A publication of the Archaeological Institute of America
Khipus Discovered in Incahuasi Storehouse
Tuesday, January 5, 2016
LIMA, PERU—The Inca used a series of knotted strings hanging from a main cord, a device known as a khipu, to keep records. Researchers have had a basic understanding of the numerical system and mathematical operations used in khipus, but have not known how to decipher other information kept in the strings. According to The New York Times, for the first time, archaeologists led by archaeologist Alejandro Chu have discovered 29 khipus in a storehouse, rather than in the graves of scribes, at Incahuasi, where they appear to have been used to keep track of peanuts, chili peppers, beans, corn, and other agricultural products. “We can look at how the chili pepper khipu differs from the peanut khipu and from the corn khipu in terms of their color and other characteristics and we can build up a kind of sign vocabulary of how they were signifying this or that thing in their world,” Gary Urton, a member of the Khipu Database Project at Harvard University’s Dumbarton Oaks. He has created a database of detailed information of some 870 khipus. “If we can find the connection between the khipu and the product that it was found with we can contribute to the deciphering of the khipus,” Chu explained. To read more about the Inca, go to "The Water Temple of Inca-Caranqui."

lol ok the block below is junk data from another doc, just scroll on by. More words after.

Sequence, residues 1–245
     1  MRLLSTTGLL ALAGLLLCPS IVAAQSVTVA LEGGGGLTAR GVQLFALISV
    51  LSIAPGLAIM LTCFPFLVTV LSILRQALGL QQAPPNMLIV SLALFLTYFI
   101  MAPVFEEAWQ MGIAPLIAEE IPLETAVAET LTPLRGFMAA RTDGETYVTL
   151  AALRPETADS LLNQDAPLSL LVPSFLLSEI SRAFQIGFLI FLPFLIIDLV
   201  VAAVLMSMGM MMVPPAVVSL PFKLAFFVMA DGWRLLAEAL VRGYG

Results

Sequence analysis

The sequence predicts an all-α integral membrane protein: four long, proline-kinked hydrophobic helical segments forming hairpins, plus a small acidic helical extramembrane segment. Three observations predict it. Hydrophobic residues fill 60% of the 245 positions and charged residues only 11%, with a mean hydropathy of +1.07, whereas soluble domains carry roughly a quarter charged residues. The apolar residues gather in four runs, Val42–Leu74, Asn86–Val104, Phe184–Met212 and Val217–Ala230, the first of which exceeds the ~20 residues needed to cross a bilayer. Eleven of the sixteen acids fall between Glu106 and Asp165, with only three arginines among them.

The Nile’s lost branch, prehistoric Pacific tools, Louisiana’s 11,000-year-old mound, an Iranian fire temple, and the oldest octopus lures
A roll of the dice